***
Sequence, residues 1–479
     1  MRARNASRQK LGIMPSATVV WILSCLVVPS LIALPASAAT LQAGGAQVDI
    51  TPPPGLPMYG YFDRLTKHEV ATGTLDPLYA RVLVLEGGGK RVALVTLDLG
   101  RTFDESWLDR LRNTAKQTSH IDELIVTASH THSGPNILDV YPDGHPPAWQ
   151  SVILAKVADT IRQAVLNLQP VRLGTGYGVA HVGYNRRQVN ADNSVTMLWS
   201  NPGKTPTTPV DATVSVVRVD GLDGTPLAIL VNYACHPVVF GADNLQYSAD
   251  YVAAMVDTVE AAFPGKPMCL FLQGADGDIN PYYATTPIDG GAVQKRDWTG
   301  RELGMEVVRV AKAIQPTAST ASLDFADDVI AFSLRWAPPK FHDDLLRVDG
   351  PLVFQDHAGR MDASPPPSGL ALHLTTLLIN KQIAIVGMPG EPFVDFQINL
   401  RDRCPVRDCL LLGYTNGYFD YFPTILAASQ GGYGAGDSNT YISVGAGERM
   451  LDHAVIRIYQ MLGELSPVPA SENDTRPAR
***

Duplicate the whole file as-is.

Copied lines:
Sequence, residues 1–479
     1  MRARNASRQK LGIMPSATVV WILSCLVVPS LIALPASAAT LQAGGAQVDI
    51  TPPPGLPMYG YFDRLTKHEV ATGTLDPLYA RVLVLEGGGK RVALVTLDLG
   101  RTFDESWLDR LRNTAKQTSH IDELIVTASH THSGPNILDV YPDGHPPAWQ
   151  SVILAKVADT IRQAVLNLQP VRLGTGYGVA HVGYNRRQVN ADNSVTMLWS
   201  NPGKTPTTPV DATVSVVRVD GLDGTPLAIL VNYACHPVVF GADNLQYSAD
   251  YVAAMVDTVE AAFPGKPMCL FLQGADGDIN PYYATTPIDG GAVQKRDWTG
   301  RELGMEVVRV AKAIQPTAST ASLDFADDVI AFSLRWAPPK FHDDLLRVDG
   351  PLVFQDHAGR MDASPPPSGL ALHLTTLLIN KQIAIVGMPG EPFVDFQINL
   401  RDRCPVRDCL LLGYTNGYFD YFPTILAASQ GGYGAGDSNT YISVGAGERM
   451  LDHAVIRIYQ MLGELSPVPA SENDTRPAR